The flight from Edmonton was landing shortly before midnight on Monday.
Ewan Tasker, one of two investigators who conducted an initial probe, told CBC News that they consider the near-collision "quite serious." Though there are hundreds of so-called runway incursions in Canada each year, Tasker said this one is noteworthy because of the driverless vehicle and the risk of a collision.
"That's highly unusual," he said.
An initial Transport Canada incident report posted online Tuesday said that Air Canada Flight 178, an Embraer 190 jet, was finishing its flight at 11:39 p.m. ET when ground radar detected an object on the runway.
Flight crew thought orders were for others
The flight crew was told twice to pull up and go around but the plane landed anyway, the report said.
"Did you hear my two calls to pull up and go around sir?" air traffic control is heard telling the plane's pilot in an audio recording obtained by CBC News.
"I'm sorry, we heard them. We thought they were for somebody else," the pilot said in response.
The object on the runway turned out to be an unoccupied Sunwing Airlines cargo van with keys in the ignition, in gear, with its lights and orange airport beacon on. The Air Canada crew members said they never saw the van.
The report said the van's driver was servicing a Sunwing Boeing 737 and "came out of the aircraft to discover the van was missing." Tasker said the van apparently caused minor damage to the Boeing 737 when its mirror made contact with the outside of an engine. The van rolled slowly for about three minutes and crossed the 60-metre wide runway.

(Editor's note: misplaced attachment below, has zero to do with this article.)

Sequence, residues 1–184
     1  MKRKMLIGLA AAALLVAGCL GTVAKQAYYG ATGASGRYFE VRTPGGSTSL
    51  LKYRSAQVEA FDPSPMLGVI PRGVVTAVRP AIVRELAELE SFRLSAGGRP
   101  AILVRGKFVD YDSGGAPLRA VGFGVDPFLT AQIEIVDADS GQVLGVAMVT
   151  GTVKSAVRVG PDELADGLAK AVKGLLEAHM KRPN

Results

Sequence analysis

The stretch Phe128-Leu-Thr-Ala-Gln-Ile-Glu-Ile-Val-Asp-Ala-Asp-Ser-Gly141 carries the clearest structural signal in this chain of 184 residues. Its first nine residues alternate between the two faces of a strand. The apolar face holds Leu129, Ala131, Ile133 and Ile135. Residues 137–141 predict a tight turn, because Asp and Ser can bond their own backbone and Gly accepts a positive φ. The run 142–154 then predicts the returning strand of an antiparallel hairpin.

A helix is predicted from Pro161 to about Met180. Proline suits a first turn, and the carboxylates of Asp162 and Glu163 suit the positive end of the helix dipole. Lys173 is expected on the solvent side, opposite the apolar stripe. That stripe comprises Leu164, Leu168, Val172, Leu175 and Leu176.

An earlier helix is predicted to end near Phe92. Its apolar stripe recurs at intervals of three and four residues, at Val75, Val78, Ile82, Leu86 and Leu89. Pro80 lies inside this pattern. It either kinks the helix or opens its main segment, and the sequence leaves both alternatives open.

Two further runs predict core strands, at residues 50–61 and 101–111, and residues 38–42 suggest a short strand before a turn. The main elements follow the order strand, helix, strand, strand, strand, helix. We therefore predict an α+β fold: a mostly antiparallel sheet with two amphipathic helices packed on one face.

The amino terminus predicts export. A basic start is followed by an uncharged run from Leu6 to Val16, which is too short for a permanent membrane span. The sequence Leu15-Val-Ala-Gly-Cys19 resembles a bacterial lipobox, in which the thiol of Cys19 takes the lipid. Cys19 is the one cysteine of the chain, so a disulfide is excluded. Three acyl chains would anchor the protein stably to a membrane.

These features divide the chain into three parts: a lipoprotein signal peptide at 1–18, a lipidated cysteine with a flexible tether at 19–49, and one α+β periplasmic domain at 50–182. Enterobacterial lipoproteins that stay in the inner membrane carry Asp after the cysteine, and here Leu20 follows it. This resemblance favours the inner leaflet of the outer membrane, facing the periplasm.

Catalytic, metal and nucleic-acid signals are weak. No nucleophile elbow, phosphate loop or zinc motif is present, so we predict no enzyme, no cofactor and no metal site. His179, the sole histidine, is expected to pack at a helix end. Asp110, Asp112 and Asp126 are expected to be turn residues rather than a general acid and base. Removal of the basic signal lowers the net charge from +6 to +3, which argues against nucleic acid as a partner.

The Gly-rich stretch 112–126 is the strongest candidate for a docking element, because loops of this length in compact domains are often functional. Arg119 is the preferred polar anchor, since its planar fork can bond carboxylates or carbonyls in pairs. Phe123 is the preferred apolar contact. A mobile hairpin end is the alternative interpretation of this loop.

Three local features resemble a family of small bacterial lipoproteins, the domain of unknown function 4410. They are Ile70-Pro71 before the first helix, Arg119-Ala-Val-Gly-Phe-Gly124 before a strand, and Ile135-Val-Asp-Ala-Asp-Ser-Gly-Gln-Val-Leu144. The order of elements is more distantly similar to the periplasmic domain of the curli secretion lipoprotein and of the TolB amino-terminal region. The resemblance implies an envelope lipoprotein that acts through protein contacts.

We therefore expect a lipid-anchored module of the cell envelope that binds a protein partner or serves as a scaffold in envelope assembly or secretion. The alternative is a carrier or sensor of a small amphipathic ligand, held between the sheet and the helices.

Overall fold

The board hasn't been able to determine yet how close the Air Canada plane and the van got to each other, but Tasker said if the aircraft was on its proper landing path there was a risk the plane would have hit the van before touching down.
He wasn't aware how many people were on the flight, but Air Canada configures the Embraer 190 to hold 97 passengers.
Between 10 and 15 people will conduct the investigation. The safety board's reports can take anywhere from six months to more than a year to prepare, Tasker said.
The board does not assign blame or suggest punishments.
Hundreds of runway incursions yearly
The board has runway collisions on its safety "watch list," calling it one of the nine transportation safety issues posing the greatest risk to Canadians.
In an online video, director of operational services Leo Donati said that from 2001 to 2009 there were 4,100 runway incursions in Canada. Given that there were millions of takeoffs and landings in that time, such incidents are relatively uncommon, he said.
However, the board is concerned that the numbers aren't decreasing.
In 2010, there were 351 incursions. In 2011, there were another 446.
"The TSB is pushing for the advancement of airport procedures and collision defences to reduce these occurrences," he said in the 2012 video. "And until the risk of collisions is sufficiently addressed at Canadian airports, this issue will remain on our safety watch list."